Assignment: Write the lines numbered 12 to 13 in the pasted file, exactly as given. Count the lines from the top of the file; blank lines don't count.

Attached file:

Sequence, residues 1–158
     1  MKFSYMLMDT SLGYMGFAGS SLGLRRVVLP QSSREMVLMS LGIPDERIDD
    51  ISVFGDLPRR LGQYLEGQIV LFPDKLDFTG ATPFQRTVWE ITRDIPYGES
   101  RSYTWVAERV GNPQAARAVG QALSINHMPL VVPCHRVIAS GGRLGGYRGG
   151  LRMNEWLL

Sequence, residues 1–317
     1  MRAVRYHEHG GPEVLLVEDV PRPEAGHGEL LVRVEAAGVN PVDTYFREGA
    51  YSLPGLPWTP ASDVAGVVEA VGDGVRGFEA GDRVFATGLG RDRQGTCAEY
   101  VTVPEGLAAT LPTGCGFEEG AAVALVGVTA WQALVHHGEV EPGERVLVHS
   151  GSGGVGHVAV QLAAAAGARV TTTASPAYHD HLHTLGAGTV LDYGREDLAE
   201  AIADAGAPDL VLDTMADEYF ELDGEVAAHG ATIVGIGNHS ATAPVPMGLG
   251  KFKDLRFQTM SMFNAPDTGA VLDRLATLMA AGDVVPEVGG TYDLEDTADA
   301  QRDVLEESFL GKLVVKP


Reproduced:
   251  KFKDLRFQTM SMFNAPDTGA VLDRLATLMA AGDVVPEVGG TYDLEDTADA
   301  QRDVLEESFL GKLVVKP